Hoisted on a hill near what is known as the “Art Tent” in the Oceti Sakowin Camp at Standing Rock, North Dakota, are five black flags. From a distance they look almost funerary, while upon closer inspection you realize the fabric is printed with artist Ahmed Mater‘s distinctive designs from his 2010 Evolution of Man series that morphs from a silhouette of a gas pump to an X-ray image of a person holding a gun to their head.
Flapping in the wind, the images are particularly well placed considering the focus of the protest at the camp, the Dakota Access Pipeline. Mater is from Saudi Arabia, a country that has felt the brunt of economic and environmental changes brought on by the oil industry. The inclusion of the flags on this contested landscape raised a lot of questions for me and I asked the artist why he chose to travel to North Dakota and what connections he was trying to make with his installation.
For some background on the wider role of artists — particularly those of Native American descent — at Standing Rock, where thousands of water protectors and their allies are trying to stop the installation of the oil pipeline under the Missouri River, you can listen to the latest episode of the Hyperallergic Podcast.
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Hrag Vartanian: Why did you feel it was necessary to go to North Dakota?
Ahmed Mater: The protest at Standing Rock, which started very small with just a couple of brave individuals standing up to the power of a huge corporation, is now a chance to focus the world’s attention on a number of urgent global issues — that of environmental protection and the rights of indigenous peoples and cultures worldwide. We urgently need to work together, across nations and religions, to find alternatives to unregulated capitalism and imperialism.
As an artist, brought up in the south of Saudi Arabia, I empathized with the struggle of the Lakota Nation against the impact of oil development, and I wanted to go and see for myself and, if possible, contribute to spreading this story and building momentum through my platform as an artist.
HV: How did you learn about it?
AM: I read about it online and then CULTURUNNERS founder, Stephen Stapleton, put me in direct contact with stories and people on the ground in North Dakota. The whole project came through my ongoing collaboration with CULTURUNNERS and their team.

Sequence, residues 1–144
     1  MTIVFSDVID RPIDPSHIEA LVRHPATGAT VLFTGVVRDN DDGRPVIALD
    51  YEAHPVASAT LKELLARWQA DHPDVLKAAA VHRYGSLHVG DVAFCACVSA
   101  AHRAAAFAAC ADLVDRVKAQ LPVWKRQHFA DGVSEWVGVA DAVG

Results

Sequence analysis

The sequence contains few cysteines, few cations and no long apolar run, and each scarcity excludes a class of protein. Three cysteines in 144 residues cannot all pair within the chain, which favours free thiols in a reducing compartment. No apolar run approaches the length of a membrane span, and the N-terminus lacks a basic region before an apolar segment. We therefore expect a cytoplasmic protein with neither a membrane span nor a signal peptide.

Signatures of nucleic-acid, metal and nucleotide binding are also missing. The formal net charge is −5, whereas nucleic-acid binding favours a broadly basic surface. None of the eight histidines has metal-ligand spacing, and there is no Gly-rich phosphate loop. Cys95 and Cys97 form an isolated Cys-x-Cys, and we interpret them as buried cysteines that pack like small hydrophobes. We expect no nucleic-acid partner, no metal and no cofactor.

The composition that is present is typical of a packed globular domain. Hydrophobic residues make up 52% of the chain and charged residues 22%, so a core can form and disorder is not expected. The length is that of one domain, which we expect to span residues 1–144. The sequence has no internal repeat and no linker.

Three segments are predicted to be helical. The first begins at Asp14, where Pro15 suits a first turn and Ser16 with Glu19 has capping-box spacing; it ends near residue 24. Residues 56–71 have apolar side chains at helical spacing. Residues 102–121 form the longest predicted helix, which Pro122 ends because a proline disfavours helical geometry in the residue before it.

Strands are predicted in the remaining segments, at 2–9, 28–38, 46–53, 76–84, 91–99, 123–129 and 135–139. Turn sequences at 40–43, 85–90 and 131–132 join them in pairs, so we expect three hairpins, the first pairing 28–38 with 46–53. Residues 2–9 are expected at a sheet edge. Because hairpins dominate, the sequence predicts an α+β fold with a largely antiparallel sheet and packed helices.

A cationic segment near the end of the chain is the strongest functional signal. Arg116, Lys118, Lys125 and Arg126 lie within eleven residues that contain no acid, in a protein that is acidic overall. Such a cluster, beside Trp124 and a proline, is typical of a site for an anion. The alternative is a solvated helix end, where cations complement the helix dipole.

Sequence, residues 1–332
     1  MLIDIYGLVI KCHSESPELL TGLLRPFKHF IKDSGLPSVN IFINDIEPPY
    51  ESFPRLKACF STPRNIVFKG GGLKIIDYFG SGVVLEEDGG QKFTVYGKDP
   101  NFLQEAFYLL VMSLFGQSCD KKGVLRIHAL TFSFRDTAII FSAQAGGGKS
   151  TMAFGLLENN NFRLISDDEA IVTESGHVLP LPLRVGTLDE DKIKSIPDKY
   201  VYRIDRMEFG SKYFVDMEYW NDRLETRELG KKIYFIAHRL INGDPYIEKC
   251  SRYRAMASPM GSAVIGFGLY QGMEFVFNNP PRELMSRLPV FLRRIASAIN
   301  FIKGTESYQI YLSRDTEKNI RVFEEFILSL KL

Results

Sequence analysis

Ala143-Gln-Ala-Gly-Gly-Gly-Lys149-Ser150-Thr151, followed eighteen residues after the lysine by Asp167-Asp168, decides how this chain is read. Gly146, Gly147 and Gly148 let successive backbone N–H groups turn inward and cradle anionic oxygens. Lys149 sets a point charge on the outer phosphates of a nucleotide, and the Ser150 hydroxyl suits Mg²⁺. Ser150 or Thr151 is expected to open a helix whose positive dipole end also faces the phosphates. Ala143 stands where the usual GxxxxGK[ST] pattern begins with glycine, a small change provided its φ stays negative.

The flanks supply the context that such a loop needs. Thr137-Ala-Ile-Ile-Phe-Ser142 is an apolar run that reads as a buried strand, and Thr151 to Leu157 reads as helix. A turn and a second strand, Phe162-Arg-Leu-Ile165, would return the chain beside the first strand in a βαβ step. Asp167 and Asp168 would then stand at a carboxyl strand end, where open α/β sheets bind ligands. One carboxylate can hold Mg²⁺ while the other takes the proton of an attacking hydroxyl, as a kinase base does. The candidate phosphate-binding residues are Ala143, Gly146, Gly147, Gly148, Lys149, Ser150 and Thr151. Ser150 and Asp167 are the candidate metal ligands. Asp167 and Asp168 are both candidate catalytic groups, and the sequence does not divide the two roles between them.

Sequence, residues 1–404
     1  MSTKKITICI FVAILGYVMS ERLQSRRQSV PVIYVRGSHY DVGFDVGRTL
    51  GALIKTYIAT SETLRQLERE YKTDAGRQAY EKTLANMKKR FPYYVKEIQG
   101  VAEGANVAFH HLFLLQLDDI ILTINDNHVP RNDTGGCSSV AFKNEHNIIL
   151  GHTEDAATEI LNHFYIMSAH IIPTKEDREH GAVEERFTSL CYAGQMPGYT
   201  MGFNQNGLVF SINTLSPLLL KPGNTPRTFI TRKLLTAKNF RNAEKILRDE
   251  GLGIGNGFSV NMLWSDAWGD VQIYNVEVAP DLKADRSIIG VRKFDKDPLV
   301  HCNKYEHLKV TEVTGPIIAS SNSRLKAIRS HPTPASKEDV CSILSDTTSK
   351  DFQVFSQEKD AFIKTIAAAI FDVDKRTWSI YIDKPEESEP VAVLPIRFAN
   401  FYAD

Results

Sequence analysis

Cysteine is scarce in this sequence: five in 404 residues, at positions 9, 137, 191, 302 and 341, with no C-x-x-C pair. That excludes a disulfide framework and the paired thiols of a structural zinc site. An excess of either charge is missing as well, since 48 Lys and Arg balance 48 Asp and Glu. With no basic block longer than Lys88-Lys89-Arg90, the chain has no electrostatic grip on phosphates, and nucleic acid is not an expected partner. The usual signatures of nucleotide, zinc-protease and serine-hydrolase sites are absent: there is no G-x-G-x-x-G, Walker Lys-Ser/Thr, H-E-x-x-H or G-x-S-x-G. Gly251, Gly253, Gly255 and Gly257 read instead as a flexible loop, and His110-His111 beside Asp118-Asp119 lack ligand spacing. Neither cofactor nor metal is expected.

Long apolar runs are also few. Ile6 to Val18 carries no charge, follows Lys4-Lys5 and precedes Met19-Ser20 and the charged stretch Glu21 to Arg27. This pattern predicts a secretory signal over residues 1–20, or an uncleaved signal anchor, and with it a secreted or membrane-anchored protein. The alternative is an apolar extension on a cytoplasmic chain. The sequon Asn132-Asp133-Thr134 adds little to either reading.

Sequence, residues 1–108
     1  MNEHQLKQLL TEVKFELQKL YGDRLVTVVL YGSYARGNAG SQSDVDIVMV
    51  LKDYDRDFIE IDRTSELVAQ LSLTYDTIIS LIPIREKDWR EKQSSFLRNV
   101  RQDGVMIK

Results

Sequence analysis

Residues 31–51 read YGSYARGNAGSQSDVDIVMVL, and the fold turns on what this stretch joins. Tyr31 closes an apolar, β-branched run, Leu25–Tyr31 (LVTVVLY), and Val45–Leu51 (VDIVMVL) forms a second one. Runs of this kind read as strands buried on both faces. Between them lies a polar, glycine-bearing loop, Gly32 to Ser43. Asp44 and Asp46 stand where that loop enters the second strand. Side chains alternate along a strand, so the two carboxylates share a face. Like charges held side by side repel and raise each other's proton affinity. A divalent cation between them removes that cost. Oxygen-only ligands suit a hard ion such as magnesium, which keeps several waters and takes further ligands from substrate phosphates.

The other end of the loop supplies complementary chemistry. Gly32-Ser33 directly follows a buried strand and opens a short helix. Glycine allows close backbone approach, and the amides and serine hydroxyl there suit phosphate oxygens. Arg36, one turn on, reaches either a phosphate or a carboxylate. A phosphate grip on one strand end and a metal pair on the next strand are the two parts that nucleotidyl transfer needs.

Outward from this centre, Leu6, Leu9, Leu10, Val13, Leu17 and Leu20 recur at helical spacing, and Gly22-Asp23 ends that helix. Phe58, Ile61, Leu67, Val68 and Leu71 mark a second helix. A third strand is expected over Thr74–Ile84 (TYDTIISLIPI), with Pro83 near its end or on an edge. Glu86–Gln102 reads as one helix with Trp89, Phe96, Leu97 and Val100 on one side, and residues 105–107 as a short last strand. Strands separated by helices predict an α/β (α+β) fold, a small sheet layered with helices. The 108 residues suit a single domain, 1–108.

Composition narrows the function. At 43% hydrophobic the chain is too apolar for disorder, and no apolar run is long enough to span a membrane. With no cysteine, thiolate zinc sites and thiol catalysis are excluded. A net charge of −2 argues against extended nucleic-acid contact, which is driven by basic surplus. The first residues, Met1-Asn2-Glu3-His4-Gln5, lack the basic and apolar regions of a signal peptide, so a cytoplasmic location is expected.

This year, artists, including Khaled Jarrar, Khaled Al Baih, and myself, have traveled directly to contested communities and investigated issues related to the US presidential elections. CULTURUNNERS has a new model for the artist/organisation collaboration — a platform that has allowed me to make a film for the Guardian and share my artwork with new audiences.
HV: Why did you choose this flag project and what does it represent to you?
AM: Evolution of Man is an artwork and a statement. I wanted it to be visible in the “real” world. It is addressing the front line of the issue, not just in galleries, museums, or specialist media. It was a very organic process to turn these works into flags, and install them among the hundreds of other flags which represent over 300 nations at the Standing Rock Camp.
Protesters use @ahmedmater "Evolution of Man" artwork to protest the development of #DakotaAccessPipeline in the US. ———————————————— متظاهرون يستخدمون عمل فني للفنان #احمد_ماطر في مظاهرات ضد مشروع تطوير خط الأنابيب لتوصيل الزيوت الخامة في ولاية داكوتا في #امريكا. #فن_سعودي #فن_عربي #saudiart #arabart #nodapl
HV: What was your impression of the Standing Rock protests?
AM: It is like David and Goliath. The spirit of brave people and oppressed people against the might of corporate and military power. It’s inspiring and urgent in the new Trump Era we are about to enter.
HV: What do you think the role of art in these kinds of situations is?
AM: Art is not just a passive statement, art can be change.